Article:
Systemic Radiation Therapy

What is systemic radiation?

Systemic radiation uses liquid radioactive drugs called radiopharmaceuticals to treat certain types of cancer. Although drugs travel throughout your entire body, radiopharmaceuticals are frequently labeled with an antibody (radioimmunotherapy) or protein (peptide receptor radionuclide therapy) that targets your specific tumor. Because these drugs accumulate near tumors, the effects of radiation on the rest of the body are minimized.

How is systemic radiation given?

In systemic radiation therapy, liquid radioactive drugs (radioisotopes) are administered by mouth or injection into a vein or artery. The radioactive material then leaves the body through urine, saliva and sweat. Your provider will provide you instructions on precautions you should take after radiopharmaceutical therapy to limit radiation exposure to those around you.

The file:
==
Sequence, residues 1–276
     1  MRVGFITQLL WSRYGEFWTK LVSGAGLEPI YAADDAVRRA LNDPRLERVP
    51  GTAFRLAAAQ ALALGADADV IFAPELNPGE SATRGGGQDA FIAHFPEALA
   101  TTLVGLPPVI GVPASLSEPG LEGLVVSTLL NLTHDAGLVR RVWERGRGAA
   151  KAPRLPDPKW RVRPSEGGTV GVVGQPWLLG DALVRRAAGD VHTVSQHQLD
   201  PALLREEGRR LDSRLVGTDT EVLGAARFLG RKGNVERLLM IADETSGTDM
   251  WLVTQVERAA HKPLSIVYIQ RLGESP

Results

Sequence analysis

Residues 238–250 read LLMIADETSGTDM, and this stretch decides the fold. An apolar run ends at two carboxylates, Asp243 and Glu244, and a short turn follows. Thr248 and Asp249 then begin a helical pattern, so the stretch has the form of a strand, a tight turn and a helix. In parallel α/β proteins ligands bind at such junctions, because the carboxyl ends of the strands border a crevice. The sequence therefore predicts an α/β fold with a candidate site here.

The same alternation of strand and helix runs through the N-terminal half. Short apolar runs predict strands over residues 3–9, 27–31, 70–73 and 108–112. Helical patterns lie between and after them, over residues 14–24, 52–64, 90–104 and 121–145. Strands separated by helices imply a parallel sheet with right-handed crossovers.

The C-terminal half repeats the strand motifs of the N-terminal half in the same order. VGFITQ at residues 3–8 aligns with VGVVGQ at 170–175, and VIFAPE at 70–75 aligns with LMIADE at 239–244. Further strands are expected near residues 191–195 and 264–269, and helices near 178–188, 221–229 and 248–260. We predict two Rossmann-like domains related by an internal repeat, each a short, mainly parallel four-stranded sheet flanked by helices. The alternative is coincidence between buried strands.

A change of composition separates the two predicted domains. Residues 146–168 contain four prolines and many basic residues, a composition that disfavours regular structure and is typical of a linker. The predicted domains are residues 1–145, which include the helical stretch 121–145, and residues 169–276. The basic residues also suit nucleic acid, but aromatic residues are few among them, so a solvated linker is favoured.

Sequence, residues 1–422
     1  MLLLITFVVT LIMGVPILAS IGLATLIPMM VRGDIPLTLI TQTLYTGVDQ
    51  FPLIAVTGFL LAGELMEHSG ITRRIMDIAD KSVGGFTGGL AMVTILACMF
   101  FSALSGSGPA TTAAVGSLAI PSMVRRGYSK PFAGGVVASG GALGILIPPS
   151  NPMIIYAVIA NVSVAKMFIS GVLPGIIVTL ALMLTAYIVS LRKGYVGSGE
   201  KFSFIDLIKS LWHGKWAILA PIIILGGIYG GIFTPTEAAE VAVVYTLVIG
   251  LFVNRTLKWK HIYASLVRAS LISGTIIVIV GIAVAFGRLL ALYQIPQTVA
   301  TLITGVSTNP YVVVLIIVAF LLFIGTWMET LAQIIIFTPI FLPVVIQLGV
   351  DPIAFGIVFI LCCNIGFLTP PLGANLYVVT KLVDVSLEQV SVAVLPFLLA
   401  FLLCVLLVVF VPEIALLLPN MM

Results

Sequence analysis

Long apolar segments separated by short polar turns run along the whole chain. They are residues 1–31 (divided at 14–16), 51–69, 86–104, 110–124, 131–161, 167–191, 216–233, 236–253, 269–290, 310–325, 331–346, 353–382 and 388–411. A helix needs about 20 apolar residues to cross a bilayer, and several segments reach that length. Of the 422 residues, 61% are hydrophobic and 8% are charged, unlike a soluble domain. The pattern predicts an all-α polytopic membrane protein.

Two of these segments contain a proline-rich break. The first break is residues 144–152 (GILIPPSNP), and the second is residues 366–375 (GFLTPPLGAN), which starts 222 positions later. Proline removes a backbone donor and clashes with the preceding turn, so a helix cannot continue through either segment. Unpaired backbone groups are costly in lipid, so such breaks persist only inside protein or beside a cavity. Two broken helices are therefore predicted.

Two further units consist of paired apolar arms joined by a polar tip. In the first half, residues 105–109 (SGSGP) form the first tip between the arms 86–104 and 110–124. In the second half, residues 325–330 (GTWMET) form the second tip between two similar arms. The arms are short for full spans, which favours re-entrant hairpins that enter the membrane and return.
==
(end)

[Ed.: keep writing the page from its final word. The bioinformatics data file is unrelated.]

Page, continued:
Who should consider systemic radiation?

Systemic radiation is an effective treatment for cancers of the bone, prostate and thyroid, among others.